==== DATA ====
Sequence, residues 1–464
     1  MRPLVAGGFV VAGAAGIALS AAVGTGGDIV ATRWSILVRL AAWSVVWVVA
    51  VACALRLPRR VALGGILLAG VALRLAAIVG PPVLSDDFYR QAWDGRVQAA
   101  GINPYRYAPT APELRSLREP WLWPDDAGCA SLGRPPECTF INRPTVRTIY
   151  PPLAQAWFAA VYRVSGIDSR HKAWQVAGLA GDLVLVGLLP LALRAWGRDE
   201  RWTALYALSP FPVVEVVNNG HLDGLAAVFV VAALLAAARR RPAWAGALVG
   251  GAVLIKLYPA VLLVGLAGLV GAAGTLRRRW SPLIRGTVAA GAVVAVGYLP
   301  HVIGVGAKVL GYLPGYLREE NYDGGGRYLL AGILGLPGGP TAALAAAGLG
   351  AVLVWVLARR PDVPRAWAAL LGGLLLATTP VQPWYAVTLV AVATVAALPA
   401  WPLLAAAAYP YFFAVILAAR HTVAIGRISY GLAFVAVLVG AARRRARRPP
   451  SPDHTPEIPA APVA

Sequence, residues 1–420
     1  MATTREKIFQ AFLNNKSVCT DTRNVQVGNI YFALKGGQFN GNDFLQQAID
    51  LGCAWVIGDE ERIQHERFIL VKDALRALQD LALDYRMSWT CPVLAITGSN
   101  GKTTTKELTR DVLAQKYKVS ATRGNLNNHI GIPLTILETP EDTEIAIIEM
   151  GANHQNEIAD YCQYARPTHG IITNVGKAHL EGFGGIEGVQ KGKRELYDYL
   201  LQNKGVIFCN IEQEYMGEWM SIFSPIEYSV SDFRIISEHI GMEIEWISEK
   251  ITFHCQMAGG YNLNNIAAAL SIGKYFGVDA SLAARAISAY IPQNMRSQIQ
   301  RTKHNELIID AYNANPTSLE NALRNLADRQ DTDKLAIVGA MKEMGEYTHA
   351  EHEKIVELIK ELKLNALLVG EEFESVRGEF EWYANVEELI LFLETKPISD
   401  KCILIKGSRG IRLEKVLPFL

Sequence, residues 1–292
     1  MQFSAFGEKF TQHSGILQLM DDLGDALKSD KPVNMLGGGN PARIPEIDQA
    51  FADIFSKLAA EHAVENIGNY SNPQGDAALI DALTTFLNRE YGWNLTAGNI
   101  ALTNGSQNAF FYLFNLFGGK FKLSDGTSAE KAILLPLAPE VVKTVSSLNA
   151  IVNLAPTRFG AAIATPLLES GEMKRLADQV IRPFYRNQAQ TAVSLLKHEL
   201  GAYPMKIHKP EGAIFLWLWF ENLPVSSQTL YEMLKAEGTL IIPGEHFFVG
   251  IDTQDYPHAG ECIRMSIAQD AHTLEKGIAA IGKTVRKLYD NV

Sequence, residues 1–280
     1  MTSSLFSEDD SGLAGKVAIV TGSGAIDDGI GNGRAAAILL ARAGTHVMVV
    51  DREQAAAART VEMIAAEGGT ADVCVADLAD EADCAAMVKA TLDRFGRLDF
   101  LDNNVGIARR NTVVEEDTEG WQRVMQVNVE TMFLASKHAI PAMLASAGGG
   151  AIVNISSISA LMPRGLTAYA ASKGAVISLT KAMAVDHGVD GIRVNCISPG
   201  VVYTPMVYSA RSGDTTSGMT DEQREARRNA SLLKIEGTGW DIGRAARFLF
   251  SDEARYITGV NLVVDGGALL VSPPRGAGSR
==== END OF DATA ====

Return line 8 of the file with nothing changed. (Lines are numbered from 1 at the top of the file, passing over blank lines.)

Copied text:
   301  HVIGVGAKVL GYLPGYLREE NYDGGGRYLL AGILGLPGGP TAALAAAGLG